Amid Political Turmoil, Rio de Janeiro Stadiums Stand Ready for Olympic Games
With twin political and economic crises in Brazil right now, it is hardly the best time to be hosting this summer’s Olympic Games.
But in Rio de Janeiro, officials are quietly pleased that their preparations mean this stunningly located beach-side metropolis will be ready on time for the opening ceremony August 5 regardless of the problems—which include the impeachment trial of President Dilma Rousseff—occupying the rest of the country.
At the main AECOM-planned Olympic Park, a somewhat barren concrete expanse deep in the western reaches of the Barra da Tijuca neighborhood, the final touches are being made to the three interlocking indoor “Carioca” arenas a full three months before the Games start. Work is also winding down at the Deodoro site, whose elegant, temple-like Youth Arena, by architects Vigliecca & Associados, is the star of a new complex that will host sports as varied as field hockey and BMX. The existing Maracanã and João Havelange stadiums (which opened in 1950 and 2007, respectively) stand ready for the opening ceremony and athletic events.
It is a stark contrast to the last-minute dash to have football stadiums ready in time for the start of the 2014 soccer World Cup.
“This is a great success for Brazil. We completed the work on time and within budget, which is not something very common for public works in Brazil,” says Roberto Ainbinder, who as director of projects for the Municipal Olympic Company, is charged with delivering the sporting venues on time. “With the Olympics, we have advanced in how we execute infrastructure projects here.”
But beyond the Olympic Park fence, Brazil’s old ways of delivering large projects continue. The city’s already unruly traffic has become a nightmare for drivers as authorities rush to finish bus corridors and a metro line extension—the main legacy of the Games to the city—in time for the arrival of athletes and spectators. Even this incomplete transport project is contested, with critics alleging authorities manipulated the need to prepare for the Games to undertake an urban redesign that will benefit the city’s rich at the expense of the poor.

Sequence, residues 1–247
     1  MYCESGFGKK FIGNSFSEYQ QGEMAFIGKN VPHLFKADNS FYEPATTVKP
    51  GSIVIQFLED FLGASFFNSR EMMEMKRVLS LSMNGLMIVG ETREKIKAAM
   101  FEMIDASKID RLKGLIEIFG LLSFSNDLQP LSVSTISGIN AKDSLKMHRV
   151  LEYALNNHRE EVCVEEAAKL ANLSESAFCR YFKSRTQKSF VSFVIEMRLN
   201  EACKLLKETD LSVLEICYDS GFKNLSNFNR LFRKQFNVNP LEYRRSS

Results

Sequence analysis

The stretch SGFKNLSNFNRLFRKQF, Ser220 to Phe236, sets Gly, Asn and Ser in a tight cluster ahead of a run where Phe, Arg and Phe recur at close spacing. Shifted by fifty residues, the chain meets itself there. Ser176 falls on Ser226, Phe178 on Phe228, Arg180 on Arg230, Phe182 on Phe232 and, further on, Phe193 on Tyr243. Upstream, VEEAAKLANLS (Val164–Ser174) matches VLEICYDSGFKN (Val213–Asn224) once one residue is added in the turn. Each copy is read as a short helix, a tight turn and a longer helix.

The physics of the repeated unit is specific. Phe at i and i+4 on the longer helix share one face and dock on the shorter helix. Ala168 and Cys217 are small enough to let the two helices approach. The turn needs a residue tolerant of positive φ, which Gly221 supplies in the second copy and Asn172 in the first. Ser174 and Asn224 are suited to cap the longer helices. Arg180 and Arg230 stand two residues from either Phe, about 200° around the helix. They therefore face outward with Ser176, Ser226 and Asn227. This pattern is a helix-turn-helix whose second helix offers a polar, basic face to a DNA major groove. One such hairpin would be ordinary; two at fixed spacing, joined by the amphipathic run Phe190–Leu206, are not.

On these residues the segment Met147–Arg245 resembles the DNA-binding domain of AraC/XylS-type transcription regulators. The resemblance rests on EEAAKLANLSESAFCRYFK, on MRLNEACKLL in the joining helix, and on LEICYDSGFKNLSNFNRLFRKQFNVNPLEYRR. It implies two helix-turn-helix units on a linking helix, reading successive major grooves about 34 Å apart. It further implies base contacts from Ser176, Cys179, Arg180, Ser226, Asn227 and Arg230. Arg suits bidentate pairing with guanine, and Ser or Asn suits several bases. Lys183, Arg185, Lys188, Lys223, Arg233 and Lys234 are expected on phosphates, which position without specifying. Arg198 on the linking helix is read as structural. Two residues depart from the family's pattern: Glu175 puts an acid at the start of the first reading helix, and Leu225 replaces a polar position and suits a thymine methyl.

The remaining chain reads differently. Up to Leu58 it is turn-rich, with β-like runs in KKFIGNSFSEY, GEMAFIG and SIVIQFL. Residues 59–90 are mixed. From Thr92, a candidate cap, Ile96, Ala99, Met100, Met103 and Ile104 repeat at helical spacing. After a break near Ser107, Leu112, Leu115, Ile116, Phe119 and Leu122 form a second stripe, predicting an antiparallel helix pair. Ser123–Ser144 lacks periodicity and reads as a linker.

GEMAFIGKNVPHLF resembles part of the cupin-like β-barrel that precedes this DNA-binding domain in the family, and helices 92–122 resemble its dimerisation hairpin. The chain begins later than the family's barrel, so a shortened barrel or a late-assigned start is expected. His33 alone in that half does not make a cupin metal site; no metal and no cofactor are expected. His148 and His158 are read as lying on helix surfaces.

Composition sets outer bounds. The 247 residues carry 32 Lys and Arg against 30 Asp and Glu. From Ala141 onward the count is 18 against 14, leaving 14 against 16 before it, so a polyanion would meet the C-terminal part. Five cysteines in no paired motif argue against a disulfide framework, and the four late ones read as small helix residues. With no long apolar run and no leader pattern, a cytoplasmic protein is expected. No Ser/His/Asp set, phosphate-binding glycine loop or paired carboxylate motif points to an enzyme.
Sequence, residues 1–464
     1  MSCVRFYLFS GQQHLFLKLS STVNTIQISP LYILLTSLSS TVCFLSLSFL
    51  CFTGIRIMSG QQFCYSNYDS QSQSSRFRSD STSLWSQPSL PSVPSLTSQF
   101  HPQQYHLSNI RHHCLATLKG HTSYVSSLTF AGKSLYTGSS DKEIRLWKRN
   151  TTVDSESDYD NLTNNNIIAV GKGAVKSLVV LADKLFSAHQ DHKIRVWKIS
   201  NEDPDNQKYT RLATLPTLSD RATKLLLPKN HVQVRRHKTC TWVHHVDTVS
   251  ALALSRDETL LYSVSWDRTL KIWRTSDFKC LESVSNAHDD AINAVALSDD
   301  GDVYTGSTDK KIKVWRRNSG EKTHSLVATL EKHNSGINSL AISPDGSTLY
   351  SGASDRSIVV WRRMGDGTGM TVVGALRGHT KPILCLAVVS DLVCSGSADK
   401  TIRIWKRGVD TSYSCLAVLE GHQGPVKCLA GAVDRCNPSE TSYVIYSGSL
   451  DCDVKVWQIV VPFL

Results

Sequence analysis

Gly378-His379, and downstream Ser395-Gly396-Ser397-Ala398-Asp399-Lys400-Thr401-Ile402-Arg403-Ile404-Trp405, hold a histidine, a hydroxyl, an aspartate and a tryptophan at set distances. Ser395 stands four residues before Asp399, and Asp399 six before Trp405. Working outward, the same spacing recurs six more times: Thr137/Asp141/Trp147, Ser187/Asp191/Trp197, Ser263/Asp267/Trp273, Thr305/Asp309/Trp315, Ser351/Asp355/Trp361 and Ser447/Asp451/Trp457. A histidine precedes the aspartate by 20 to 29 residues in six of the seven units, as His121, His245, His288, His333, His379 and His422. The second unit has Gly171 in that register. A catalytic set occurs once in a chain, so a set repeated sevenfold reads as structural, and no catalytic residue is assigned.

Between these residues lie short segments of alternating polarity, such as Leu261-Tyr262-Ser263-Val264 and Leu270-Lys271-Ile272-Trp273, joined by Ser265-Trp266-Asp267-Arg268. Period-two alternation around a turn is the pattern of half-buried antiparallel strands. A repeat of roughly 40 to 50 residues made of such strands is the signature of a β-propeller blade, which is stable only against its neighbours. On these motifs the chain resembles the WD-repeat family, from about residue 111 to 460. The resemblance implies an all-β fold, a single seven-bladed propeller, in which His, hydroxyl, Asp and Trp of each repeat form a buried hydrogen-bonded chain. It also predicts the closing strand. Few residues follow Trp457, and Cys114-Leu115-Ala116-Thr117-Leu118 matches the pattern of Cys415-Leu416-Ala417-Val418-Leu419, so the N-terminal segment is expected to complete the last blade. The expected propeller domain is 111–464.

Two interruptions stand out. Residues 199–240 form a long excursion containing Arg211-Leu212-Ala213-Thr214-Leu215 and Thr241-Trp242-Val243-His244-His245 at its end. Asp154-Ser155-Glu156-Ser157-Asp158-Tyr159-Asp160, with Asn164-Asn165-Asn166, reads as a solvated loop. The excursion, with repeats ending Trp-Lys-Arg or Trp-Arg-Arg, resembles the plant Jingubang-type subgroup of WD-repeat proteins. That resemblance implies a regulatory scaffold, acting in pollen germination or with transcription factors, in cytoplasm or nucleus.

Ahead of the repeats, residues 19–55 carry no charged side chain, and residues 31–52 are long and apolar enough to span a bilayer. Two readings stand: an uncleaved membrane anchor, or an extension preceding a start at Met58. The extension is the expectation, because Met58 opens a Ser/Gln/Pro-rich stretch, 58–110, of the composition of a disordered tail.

The main focus of the city’s makeover for the Olympics has been the wealthy, fast-growing Barra neighborhood, where most of the new public transport links will converge. Here poor residents of favelas, who were living on rapidly appreciating real estate, have been removed, while public land has been handed over to private developers in sweetheart deals. “This is clearly a project to keep low-income workers from living in Barra,” says geographer Christopher Gaffney, a senior research fellow at the University of Zurich who has studied the impact of large sporting events on host cities. He adds there is no doubt that these people will be expected to continue to work in the area’s luxury condos and shopping malls. “The Olympics is becoming an excuse and vehicle for consolidating an elite vision of the city.”
This use of the Games to prioritize upper-class interests is further highlighted by the failure of authorities to clean up Rio’s heavily polluted rivers and Guanabara Bay, as they promised in their original bid proposal.
“That would have been of much greater benefit to most of the population, but it was left aside while the focus was placed on installing infrastructure into Barra, which has a Human Development Index the same as Norway,” says Juliana Barbassa, author of Dancing with the Devil in the City of God, a new book that charts the impact of preparations for the Games on the city. “The major questions are, “What are we getting? At what cost? And, ultimately, who benefits from this?” she says. “And, when you look at Rio, I think you can say that the city that we are going to have after the Olympics is an even more unequal city than the city that we had before.”